• Rapidcreek@lemmy.world
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      9 days ago

      Missing from the Clooney op-ed: The last two times Democrats changed their ticket at the last moment (1968 and 1972) they lost in landslides.

      • Catoblepas@lemmy.blahaj.zone
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        9 days ago

        Did you expect people to not fact check this? 1968 was lost by less than a percentage point and was after the LBJ presidency, which was wildly unpopular for escalating the Vietnam War. You also fail to mention that both elections were against Nixon, who until the Watergate scandal was widely regarded positively. Edit: these two elections were also right in the middle of the implementation of the southern strategy, when racist Democrats were starting to defect to the Republican Party after the passage of the Civil Rights Act.

        Both Democratic candidates were also chosen at the national convention, so I’m not sure what you mean by last moment candidate changes. Presumably one must have an official candidate before a last moment change can be made.

        • gAlienLifeform@lemmy.world
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          9 days ago

          Also, 1972 was a trainwreck because the moderate assholes of the Democratic party threw a big temper tantrum over a progressive like McGovern getting the nomination and pushed him to pick a no-name moderate as his running mate, a moderate who just so happened to have major health problems McGovern and the general public didn’t know about. When those health problems got leaked by someone (seems nobody knows who for sure), the campaign tried to stand firm and McGovern said he was behind his VP Eagleton 1000%, leading to his polling numbers falling off a cliff and never recovering (even though they ended up dropping Eagleton and getting a different running mate like a week later).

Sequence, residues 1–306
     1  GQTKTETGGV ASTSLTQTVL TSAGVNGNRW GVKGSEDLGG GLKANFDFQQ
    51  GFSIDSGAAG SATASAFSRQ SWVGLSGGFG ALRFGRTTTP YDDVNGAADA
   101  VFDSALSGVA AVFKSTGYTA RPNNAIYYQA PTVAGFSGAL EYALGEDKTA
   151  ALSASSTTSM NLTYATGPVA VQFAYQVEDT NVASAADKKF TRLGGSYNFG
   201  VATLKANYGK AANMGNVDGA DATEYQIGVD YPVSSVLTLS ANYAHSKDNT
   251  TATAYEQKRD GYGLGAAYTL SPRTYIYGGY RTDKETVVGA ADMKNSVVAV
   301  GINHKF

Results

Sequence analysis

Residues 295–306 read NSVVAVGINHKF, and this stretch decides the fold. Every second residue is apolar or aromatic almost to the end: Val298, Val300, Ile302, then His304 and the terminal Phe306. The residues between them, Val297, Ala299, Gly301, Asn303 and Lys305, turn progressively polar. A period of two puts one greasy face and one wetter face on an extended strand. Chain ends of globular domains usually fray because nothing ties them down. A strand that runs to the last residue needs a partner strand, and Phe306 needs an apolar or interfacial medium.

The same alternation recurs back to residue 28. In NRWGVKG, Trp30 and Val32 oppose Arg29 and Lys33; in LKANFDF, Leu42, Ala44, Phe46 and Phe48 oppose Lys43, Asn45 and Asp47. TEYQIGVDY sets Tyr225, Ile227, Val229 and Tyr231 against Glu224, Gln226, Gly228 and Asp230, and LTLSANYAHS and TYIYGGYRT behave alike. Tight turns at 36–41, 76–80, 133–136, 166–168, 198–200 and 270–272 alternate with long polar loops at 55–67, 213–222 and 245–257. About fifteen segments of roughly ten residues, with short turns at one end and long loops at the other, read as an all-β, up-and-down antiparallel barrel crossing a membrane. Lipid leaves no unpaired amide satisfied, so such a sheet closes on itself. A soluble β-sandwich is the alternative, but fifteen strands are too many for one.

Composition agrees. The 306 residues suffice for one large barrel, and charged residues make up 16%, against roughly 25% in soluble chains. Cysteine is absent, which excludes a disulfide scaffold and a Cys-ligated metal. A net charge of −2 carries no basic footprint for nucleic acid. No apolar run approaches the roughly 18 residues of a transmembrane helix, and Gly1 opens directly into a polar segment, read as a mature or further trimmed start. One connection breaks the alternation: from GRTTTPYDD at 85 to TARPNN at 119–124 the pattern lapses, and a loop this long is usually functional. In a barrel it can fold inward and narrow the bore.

Saying we should be worried about switching our nominee because of what happened in 1972 is like saying you shouldn’t get chemotherapy because most people who die of cancer were getting chemo, or you shouldn’t let firetrucks park on your street because most burned down homes had a firetruck parked near them recently, it’s just completely backwards.

          • Catoblepas@lemmy.blahaj.zone
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            9 days ago

            But think of all the racists that defected to the Republican Party that might have otherwise voted Dem!!

            Actually that does make the Dem establishment’s deranged obsession with getting “undecided” voters instead of exciting their base make a lot more… I don’t want to say “sense” because it’s a strategy that goes over like a lead balloon, but the old fucks at the wheel still being traumatized by 1972 adds context.

        • Rapidcreek@lemmy.world
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          9 days ago